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Hannah Smith was chosen for an internship funded by NASA, where she will study the health of waters around White Earth Reservation. SUBMITTED PHOTO
Hannah Smith was chosen for an internship funded by NASA, where she will study the health of waters around White Earth Reservation. SUBMITTED PHOTO

College kid wins NASA internship

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An Ogema woman attending the White Earth Tribal and Community College is taking on some of Earth’s most important issues as she works her way through a NASA-funded internship.

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20-year-old Hannah Smith is coming up on her second year of the program, which she was selected for last year.

“I was shocked when I heard I got it,” said Smith, who was selected for the internship that is a cooperative agreement between NASA, Hakell University in Kansas and Kiksapa Consulting, an environmental science consulting company out of North Dakota.

Students like Smith from tribal colleges and universities from around the country are specifically targeted for the internship, which has the students choosing projects within science, technology, engineering and math.

Smith, who has always been good at math and science, has made it her mission to help protect the waterways of the White Earth Indian Reservation.

Her internship brought her to Kansas for a three week training last June, where she and a couple dozen other interns from throughout the country learned about climate change, data compilation techniques and a geospacial technology program called ArcMap – a high tech mapping system.

While most interns accepted into the program only get a one-summer stint, she’s been lucky enough to get an extended stay in the program, allowing her more time to complete a more comprehensive project.

“I feel spoiled rotten,” she laughed, saying it’s NASA’s agreement with the tribal college that’s allowing her this opportunity and connections with some of the field’s most brilliant minds.

She is now hoping her own mind and hard work can help in the quest to keep water health a top priority around White Earth and beyond.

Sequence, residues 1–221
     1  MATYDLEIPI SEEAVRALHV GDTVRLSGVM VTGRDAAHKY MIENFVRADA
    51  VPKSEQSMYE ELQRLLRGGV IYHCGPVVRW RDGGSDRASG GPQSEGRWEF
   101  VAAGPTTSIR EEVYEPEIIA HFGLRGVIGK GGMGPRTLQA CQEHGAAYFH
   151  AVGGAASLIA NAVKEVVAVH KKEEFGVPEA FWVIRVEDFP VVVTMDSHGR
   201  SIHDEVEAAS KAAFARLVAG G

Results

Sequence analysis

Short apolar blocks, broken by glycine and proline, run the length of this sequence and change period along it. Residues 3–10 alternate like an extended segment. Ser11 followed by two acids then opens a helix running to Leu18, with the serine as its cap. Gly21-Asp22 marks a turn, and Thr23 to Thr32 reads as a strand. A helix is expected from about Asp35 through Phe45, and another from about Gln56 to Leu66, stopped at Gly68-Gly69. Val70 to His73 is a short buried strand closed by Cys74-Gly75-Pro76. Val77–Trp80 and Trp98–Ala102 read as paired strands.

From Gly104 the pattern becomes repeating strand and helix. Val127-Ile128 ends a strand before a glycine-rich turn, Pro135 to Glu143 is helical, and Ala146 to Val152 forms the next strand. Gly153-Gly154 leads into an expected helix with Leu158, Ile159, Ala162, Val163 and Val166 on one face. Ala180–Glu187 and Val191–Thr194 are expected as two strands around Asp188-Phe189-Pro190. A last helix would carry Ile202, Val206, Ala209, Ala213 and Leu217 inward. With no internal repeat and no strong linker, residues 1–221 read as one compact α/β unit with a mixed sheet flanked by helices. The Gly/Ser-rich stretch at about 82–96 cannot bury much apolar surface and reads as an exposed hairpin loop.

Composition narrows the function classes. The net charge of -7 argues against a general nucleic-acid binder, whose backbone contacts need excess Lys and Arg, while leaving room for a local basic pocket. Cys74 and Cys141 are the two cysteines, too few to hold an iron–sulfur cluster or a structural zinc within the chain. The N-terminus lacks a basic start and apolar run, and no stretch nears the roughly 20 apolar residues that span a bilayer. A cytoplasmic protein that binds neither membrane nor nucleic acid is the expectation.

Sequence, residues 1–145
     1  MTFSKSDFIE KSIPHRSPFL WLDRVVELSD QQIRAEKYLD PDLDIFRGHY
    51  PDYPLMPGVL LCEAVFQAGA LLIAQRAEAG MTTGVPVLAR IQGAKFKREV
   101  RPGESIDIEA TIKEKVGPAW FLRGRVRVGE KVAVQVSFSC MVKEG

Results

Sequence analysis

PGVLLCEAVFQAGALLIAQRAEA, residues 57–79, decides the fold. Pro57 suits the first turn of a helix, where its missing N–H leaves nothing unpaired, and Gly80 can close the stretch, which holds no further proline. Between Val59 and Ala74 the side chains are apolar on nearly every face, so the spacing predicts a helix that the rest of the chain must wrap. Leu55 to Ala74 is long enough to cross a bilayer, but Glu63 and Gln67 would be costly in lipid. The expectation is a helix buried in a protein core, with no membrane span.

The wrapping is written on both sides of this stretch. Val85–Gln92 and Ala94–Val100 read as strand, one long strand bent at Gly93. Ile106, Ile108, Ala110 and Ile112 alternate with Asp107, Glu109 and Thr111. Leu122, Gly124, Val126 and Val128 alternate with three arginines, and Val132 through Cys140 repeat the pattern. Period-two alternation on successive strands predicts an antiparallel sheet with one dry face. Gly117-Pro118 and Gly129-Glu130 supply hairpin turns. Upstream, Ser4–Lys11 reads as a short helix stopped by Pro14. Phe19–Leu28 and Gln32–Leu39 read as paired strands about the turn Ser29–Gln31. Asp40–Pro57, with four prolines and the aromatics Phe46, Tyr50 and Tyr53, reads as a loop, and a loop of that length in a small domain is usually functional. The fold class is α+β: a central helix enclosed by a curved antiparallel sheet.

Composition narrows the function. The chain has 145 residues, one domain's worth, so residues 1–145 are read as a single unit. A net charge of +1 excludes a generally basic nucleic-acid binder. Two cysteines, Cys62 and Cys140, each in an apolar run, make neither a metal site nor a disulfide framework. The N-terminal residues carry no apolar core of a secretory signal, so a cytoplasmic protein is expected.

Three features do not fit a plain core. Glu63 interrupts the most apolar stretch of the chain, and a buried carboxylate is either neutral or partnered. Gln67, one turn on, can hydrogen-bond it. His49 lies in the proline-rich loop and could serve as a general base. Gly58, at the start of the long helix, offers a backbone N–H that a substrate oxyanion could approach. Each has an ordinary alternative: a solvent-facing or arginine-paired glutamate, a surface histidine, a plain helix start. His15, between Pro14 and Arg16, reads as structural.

Smith completed the first portion of her project last year when she collected water samples from eight different locations around the reservation — one from the Tamarac Wildlife Refuge, two from just off the reservation and the other five on it.

“I’m looking for different things in the water,” said Smith. “I measured the chemistry, pH balance, water temperature, appearance of the water, recreational ability….” she said, listing off a number of elements within the water she would study.

She then dug up that same type of information from studies done in the 1970s to compare her findings to.

“To see what kind of changes that are happening,” said Smith, who is also busy creating the foundation for a data base that can not only be used to store evolving information on the waters of White Earth, but also as a resource for a database the EPA is putting together on water quality throughout the country.

“Right now, I’m looking at how land-use impacts water quality and wild rice production on White Earth,” said Smith, who is currently concentrating a lot of her efforts on the Mahnomen area.

“Because that’s really heavy ag there, and so I’m looking at how pesticide runoff from the crops there could be affecting both the watershed and livestock,” said Smith. “I think it’s important in this day and age to look at what’s happening and how we’re using all the different technology and pesticides and what affects they’ll have on natural landscapes, local foods and native plants.”

Smith says she believes the internship program can prove invaluable to not just issues like water health, but to the future of other key issues throughout the country.

“I think it’s really great to get different people from different colleges thinking about the same issues,” said Smith, “ who get to meet with their peers and then get to bring all of that information back home.”

Smith is getting ready to graduate from the White Earth Tribal and Community College in May with an associate’s degree in environmental science.

In the fall, she heads to the University of Minnesota Duluth to continue her education in environmental science and sustainability.

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